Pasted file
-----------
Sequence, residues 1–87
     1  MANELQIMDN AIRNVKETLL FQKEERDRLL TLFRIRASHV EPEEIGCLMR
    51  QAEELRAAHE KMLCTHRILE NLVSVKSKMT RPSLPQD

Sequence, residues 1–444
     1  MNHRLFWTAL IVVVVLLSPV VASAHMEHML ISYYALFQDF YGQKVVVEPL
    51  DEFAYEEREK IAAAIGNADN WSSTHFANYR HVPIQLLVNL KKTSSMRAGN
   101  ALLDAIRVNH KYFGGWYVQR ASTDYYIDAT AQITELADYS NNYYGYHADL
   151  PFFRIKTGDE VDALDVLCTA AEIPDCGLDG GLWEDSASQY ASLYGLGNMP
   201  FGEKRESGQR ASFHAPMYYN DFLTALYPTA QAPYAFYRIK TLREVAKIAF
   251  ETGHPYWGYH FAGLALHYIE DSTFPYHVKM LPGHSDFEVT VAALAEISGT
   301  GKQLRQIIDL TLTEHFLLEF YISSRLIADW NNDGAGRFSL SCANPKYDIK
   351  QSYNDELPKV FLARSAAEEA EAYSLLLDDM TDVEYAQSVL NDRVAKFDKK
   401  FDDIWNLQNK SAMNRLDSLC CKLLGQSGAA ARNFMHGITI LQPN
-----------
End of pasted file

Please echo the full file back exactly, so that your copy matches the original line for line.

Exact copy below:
Sequence, residues 1–87
     1  MANELQIMDN AIRNVKETLL FQKEERDRLL TLFRIRASHV EPEEIGCLMR
    51  QAEELRAAHE KMLCTHRILE NLVSVKSKMT RPSLPQD

Sequence, residues 1–444
     1  MNHRLFWTAL IVVVVLLSPV VASAHMEHML ISYYALFQDF YGQKVVVEPL
    51  DEFAYEEREK IAAAIGNADN WSSTHFANYR HVPIQLLVNL KKTSSMRAGN
   101  ALLDAIRVNH KYFGGWYVQR ASTDYYIDAT AQITELADYS NNYYGYHADL
   151  PFFRIKTGDE VDALDVLCTA AEIPDCGLDG GLWEDSASQY ASLYGLGNMP
   201  FGEKRESGQR ASFHAPMYYN DFLTALYPTA QAPYAFYRIK TLREVAKIAF
   251  ETGHPYWGYH FAGLALHYIE DSTFPYHVKM LPGHSDFEVT VAALAEISGT
   301  GKQLRQIIDL TLTEHFLLEF YISSRLIADW NNDGAGRFSL SCANPKYDIK
   351  QSYNDELPKV FLARSAAEEA EAYSLLLDDM TDVEYAQSVL NDRVAKFDKK
   401  FDDIWNLQNK SAMNRLDSLC CKLLGQSGAA ARNFMHGITI LQPN